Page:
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Suppliers assist Amazonian soy footprint reduction

The first anniversary of the two-year moratorium on trading soy derived from freshly deforested areas of the Amazon has been marked with "positive impacts" already being felt. In one Amazonian state, 41 per cent less land has been used to plant soy since the moratorium came into effect, according to Greenpeace, whose pressure led to the moratorium's creation and the inclusion of suppliers Cargill, Bunge and ADM. Other members include the World Wildlife Fund (WWF), fast-food chain McDonald's and Cadbury Schweppes.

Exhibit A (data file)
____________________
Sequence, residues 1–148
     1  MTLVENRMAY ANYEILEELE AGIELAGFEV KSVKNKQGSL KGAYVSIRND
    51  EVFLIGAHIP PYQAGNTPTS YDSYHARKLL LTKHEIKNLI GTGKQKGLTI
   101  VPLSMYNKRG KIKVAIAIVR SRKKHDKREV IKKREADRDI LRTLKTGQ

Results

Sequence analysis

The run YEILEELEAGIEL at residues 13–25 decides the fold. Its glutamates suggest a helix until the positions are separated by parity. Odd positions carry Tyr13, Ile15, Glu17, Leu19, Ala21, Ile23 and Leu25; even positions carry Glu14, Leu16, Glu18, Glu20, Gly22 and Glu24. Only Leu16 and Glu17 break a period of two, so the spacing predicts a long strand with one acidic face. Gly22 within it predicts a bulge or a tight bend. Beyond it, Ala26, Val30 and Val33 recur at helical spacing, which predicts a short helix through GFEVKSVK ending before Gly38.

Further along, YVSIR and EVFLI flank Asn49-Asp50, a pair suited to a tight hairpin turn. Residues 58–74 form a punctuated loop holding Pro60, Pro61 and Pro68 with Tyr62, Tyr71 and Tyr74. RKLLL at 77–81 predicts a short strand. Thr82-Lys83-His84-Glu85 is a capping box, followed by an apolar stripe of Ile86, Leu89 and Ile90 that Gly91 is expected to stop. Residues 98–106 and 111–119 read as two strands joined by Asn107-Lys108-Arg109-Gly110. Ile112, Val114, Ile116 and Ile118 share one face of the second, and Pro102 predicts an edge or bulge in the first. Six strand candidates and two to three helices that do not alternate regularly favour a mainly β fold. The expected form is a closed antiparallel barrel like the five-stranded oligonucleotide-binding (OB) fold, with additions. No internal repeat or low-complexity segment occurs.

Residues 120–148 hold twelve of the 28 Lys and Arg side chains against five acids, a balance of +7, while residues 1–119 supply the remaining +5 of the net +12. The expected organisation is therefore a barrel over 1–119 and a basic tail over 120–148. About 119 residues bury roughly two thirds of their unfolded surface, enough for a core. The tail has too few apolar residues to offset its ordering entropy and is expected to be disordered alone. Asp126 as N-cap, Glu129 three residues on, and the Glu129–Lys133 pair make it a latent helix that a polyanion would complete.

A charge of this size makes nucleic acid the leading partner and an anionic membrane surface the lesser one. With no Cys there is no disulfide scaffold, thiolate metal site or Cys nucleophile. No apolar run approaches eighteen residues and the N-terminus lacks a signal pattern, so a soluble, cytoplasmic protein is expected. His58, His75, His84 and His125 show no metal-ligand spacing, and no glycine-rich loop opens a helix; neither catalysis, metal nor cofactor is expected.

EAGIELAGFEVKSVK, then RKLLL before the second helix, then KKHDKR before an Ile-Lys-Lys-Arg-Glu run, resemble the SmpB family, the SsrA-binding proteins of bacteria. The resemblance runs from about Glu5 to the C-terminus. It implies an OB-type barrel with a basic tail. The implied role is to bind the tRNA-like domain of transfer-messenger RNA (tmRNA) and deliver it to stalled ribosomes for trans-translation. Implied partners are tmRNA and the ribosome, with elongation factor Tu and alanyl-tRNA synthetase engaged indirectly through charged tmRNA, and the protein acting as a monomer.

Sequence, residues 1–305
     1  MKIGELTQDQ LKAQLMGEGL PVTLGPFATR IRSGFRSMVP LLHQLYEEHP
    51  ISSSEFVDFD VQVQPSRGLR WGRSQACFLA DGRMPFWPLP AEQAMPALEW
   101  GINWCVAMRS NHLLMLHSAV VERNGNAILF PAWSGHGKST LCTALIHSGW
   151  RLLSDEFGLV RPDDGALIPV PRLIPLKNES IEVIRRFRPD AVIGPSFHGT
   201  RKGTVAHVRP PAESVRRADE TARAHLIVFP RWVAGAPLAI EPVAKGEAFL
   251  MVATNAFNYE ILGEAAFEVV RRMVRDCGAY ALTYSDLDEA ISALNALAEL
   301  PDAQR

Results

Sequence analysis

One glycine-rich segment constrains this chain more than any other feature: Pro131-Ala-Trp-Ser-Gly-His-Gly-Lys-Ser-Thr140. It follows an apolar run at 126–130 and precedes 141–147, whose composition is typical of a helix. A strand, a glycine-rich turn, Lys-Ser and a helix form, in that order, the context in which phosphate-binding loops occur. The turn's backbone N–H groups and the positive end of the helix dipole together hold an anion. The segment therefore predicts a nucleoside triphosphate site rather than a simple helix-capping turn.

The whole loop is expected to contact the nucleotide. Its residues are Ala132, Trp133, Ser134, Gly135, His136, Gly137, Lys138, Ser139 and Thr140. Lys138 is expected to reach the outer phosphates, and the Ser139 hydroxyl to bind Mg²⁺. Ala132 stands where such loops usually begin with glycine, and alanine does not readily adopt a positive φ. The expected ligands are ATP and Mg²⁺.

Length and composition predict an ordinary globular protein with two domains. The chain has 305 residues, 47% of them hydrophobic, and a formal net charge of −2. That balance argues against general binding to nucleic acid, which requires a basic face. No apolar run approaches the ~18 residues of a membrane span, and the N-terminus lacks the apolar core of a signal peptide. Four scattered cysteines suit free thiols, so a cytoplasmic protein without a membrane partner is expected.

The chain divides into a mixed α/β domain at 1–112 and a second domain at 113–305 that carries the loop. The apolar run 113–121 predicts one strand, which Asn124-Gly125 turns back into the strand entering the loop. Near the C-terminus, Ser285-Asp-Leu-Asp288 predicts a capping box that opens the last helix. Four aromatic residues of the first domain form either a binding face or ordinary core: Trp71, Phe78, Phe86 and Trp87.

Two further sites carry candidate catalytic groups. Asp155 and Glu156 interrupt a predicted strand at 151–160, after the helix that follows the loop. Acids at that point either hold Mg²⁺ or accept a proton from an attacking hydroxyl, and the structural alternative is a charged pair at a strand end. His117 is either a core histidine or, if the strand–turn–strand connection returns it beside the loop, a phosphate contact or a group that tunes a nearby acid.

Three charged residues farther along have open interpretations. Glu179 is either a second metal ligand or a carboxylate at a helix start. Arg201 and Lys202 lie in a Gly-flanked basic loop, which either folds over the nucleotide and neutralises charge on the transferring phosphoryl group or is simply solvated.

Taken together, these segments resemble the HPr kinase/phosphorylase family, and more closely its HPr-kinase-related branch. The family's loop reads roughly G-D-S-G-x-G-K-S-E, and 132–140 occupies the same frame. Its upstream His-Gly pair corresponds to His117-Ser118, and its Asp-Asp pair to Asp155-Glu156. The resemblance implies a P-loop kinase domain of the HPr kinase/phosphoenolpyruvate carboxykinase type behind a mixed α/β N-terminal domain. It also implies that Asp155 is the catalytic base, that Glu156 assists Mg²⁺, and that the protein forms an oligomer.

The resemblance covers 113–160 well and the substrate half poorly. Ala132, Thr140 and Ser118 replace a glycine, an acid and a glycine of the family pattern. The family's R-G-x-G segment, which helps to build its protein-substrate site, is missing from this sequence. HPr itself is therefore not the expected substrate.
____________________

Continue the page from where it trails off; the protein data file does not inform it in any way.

"The soy industry has actively got involved in this and we are very pleased with how it is going," a Cargill spokesperson told Functional Ingredients. "It's a multistakeholder-driven effort that is making good progress with some very complex and difficult issues. We are working with local organisations on the ground and international groups like Greenpeace and WWF. We are hopeful there will be a good outcome to this. We know our customers around Europe, which is the biggest market for us, are very pleased we have been getting involved in this."

The Brazilian government is also doing its bit by launching a land registration programme that promotes responsible cultivation among Amazonian farmers.

Amazon soy moratorium website:

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